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Amarjit Chandan

Writing in a language you cannot fully inhabit

By Amarjit Chandan

I was made to learn English at the young age of six. But even today, when I have to speak in this language, first I think in Punjabi and then translate into English. While uttering English words I always feel that something is being lost - it's not what I intend to say - though set situations learnt over the years don't pose any problem. When the reflex translation system breaks down and words are spoken which were not intended at all, then misunderstandings arise.

I rarely write in English. Many years ago, to my own surprise, I wrote some poems in English for my German friend, as it was our only medium of communication. I can't really say how these poems sound in English. The last poem in Being Here is one of those poems.

I think, feel and dream in Punjabi. This is the language I sucked with my mother's milk. This is the language my father taught me to write with a pencil, holding my nervous hand in his, and this is the language I breathed at home in the Punjab. My language is my real home, my last retreat. Freud says it's not possible to return to the womb. In another context poet John Berger talks about the myth of return. My most favourite words are in Punjabi, one set of such words being ma boli, mother tongue. My poems bear witness that the return is possible; and in ma boli I feel most secure and one with myself. In it words are not just words. Each word strikes a cord and its vibrations take you down memory lane. You can feel the words with all of your senses. Shapes, movements and silence have a language too, and that language I speak and comprehend through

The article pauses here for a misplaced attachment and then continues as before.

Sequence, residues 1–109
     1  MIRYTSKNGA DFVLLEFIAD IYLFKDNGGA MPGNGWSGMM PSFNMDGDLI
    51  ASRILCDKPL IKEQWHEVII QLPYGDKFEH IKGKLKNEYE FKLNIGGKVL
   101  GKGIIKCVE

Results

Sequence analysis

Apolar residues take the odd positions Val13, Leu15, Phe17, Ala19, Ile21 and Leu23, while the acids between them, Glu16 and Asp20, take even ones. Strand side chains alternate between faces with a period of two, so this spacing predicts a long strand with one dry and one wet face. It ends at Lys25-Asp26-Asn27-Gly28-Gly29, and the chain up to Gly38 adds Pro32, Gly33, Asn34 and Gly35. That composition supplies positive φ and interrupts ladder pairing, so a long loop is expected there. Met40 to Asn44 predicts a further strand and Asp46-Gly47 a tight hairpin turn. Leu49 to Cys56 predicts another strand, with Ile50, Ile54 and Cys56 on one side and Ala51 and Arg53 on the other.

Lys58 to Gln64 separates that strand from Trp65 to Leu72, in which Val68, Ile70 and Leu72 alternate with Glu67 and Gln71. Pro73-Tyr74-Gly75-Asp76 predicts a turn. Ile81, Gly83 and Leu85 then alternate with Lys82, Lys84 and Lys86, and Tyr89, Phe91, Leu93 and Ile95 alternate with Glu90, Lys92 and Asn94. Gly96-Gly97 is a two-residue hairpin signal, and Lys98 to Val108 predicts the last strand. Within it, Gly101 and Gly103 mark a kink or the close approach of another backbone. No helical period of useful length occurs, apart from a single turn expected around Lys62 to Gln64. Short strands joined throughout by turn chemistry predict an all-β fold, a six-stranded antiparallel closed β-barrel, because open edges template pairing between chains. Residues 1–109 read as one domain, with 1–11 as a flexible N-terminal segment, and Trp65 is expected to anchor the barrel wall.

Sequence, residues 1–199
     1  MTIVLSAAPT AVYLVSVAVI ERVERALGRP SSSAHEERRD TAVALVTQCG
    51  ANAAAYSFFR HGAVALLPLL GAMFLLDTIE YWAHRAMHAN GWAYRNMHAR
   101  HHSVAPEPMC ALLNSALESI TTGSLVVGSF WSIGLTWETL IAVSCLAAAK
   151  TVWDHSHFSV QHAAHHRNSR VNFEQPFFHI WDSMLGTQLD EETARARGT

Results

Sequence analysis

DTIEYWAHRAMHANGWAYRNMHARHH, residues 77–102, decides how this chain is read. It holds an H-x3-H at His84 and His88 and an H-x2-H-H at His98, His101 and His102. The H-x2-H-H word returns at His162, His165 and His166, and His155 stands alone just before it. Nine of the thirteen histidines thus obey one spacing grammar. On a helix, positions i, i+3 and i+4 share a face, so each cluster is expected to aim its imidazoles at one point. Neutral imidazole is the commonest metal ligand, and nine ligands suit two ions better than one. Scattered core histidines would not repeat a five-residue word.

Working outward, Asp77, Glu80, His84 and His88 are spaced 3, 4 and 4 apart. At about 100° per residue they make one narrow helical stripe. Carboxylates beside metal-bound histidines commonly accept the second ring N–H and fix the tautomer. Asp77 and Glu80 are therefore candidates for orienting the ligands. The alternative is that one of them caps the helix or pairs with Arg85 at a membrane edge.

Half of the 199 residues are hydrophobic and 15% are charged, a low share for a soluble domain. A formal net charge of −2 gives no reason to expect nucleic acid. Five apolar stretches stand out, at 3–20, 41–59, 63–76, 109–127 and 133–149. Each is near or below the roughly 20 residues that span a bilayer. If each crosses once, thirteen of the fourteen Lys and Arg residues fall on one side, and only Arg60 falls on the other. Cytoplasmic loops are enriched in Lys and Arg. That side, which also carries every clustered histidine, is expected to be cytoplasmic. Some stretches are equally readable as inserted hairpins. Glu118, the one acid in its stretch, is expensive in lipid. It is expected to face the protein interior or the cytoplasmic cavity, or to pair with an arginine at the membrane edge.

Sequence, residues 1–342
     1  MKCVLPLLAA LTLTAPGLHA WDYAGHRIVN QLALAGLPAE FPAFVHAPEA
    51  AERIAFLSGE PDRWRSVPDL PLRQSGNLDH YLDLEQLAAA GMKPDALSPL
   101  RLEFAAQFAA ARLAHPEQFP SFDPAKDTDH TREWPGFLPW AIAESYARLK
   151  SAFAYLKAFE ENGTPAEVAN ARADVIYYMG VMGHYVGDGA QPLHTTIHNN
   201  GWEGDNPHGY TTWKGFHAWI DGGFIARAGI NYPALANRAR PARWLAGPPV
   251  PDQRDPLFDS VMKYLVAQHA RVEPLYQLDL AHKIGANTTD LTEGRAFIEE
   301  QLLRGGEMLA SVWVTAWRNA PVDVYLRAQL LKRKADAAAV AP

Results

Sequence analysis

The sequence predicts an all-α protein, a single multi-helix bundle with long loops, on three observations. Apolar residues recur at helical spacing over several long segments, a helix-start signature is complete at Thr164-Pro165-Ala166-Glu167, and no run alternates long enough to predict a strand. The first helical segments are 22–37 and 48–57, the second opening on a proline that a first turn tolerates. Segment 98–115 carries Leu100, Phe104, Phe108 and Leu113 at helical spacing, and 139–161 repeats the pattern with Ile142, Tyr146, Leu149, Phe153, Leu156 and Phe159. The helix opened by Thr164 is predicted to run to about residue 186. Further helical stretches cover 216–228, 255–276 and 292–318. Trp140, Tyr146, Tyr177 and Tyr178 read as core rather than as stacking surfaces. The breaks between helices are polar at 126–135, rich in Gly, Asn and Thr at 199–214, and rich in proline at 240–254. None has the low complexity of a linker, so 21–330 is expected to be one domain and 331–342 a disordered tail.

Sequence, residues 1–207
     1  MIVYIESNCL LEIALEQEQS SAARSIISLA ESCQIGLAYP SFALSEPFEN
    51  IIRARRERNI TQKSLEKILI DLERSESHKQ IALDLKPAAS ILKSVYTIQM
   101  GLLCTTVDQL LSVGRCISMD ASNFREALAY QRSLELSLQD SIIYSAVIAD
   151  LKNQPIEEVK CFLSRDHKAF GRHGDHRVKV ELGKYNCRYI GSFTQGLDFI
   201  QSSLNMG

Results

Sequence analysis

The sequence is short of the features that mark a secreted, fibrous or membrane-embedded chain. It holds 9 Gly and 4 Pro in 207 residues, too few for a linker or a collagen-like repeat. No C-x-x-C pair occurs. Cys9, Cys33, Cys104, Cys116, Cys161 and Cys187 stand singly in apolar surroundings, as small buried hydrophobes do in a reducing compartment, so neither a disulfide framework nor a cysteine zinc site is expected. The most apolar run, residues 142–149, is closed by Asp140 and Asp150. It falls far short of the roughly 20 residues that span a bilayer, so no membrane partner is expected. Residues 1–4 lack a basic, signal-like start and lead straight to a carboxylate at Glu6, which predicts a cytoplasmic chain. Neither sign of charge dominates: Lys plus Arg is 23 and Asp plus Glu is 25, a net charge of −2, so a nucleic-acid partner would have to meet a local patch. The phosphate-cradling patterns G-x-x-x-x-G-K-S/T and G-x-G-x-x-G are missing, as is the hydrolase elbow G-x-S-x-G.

Punjabi. By contrast, just one English word, telephone, is close to me - maybe because it is very much a Punjabi word now. I was mortified to realise one day that the language in which my beloved children converse with me is so strange to me. This came as a shock.

My acquaintance with Hikmet, Neruda and Ritsos has been possible through English. I do know that poetry cannot be translated. But it must be because of their strength of emotions and thoughts that so much remains even in translation. Hindi, the national language of India, is quite close to Punjabi. It is also the language my wife speaks. But for some reason I have never liked Hindi versions of my poems. Because of its close approximation to Punjabi, I think, all sorts of distortions creep in. On the contrary, some of my poems when translated into English, I am told, read well, especially the one titled "Who is playing".

I don't think even in one's ma boli one can fully express one's thoughts, fears and longings. There are very few words at our disposal and the words we have are inadequate. In one of my recent poems I express the desire to go beyond language and feel free and be silent for ever.

Courtesy: Critical Quarterly, Autumn 1994

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Last updated April 2008